- Open Access
Granzyme B; the chalk-mark of a cytotoxic lymphocyte
Journal of Translational Medicinevolume 2, Article number: 36 (2004)
During cytotoxic lymphocyte (CL) mediated killing of target cells, granzyme B is released from the CL into the immune synapse. Recent studies have found that ELISPOT-detection of granzyme B correlated well with conventional assays for CL mediated killing. In this way, the released granzyme B can be used to mark the spot where a target cell was murdered. We discuss the benefits and potential limitations of using this assay to measure CL mediated killing of target cells.
Cytotoxic Lymphocytes (CLs) eliminate virally infected cells or tumour cells either by activating death receptors or by delivering cytotoxic granule proteins (granule exocytosis) to the target cell [1, 2]. The ability of a virus or a tumour cell to evade detection or survive an attack by CLs is likely to result in a more aggressive disease. The ability to measure specific killing of target cells by CLs is therefore of great interest to clinicians and researchers alike. Any assay for CL-induced death involves mixed cultures of target and effector cells and must include some means of distinguishing between the two. The current approach is to measure the release of a label, such as 51Cr or, more recently calcein-AM , that has been preloaded into the target cells. Radioactivity limits the utility of 51Cr and, although this type of assay is presumed to measure rupture of the plasma membrane (cell lysis), it is not formally known what is being measured.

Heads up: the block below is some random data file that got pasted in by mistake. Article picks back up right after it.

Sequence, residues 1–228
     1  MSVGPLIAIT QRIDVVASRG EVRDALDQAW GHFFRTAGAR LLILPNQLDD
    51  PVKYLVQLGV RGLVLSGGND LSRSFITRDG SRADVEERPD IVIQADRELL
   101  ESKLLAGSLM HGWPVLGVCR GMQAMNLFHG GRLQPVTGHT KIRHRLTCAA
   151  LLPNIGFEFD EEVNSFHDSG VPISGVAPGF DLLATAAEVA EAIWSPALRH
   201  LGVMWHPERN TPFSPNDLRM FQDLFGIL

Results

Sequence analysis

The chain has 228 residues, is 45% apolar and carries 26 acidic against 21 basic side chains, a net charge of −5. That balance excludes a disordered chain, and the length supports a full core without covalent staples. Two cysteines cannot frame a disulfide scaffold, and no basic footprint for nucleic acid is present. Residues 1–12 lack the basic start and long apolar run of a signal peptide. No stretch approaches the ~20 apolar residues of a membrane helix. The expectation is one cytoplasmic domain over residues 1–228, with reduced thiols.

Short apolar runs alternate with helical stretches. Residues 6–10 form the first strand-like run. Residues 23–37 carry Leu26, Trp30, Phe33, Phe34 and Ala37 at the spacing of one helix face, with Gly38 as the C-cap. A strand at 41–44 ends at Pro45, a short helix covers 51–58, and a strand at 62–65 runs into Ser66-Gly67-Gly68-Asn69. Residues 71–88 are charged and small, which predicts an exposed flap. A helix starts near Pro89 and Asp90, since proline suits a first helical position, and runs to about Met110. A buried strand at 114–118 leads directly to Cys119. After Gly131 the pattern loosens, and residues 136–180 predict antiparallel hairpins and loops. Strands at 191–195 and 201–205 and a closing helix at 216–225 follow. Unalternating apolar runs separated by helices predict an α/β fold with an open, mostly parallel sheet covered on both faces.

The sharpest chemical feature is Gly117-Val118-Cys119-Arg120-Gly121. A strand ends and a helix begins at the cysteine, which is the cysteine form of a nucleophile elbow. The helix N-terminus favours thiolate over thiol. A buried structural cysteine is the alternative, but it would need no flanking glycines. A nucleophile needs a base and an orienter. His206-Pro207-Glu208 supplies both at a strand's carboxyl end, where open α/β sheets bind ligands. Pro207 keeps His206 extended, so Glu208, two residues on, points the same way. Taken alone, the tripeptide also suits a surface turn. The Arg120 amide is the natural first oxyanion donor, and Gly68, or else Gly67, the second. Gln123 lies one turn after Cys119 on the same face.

Various alternative assays have been developed to assay CL-induced killing of target cells [4–10], however 51Cr remains the gold standard. Recently, Shafer-Weaver et al and others have utilized an interesting strategy aimed at measuring the functions of effector cells rather than death of the target cell [9, 11]. During granule-mediated killing, granule enzymes (granzymes) are transferred to the target cell [2, 12]. In the target cell granzyme B, can initiate target cell death by apoptosis [13, 14]. Shafer-Weaver et al.,  demonstrated that detection of granzyme B by ELISPOT correlated well with 51Cr release during antigen specific target cell death induced by cytotoxic T-lymphocytes and now report utility of this assay for measuring MHC non-restricted killing by natural killer cells . Following incubation of CL with their targets, Shafer-Weaver et al., measured granzyme B by ELISPOT and found that the number of SPOTS correlated well with results obtained by the 51Cr release assay. Unlike the 51Cr release assay, this ELISPOT assay measures a specific and well-characterized event that occurs following target recognition. Assessing granzyme B by ELISPOT appears superior to other markers, such as IFNγ, because it assays a molecule that directly participates in CL mediated killing. Furthermore, the assay is non-radioactive and under the experimental parameters reported, it appears possible to detect cytolytic activity using fewer cells than are required for 51Cr release.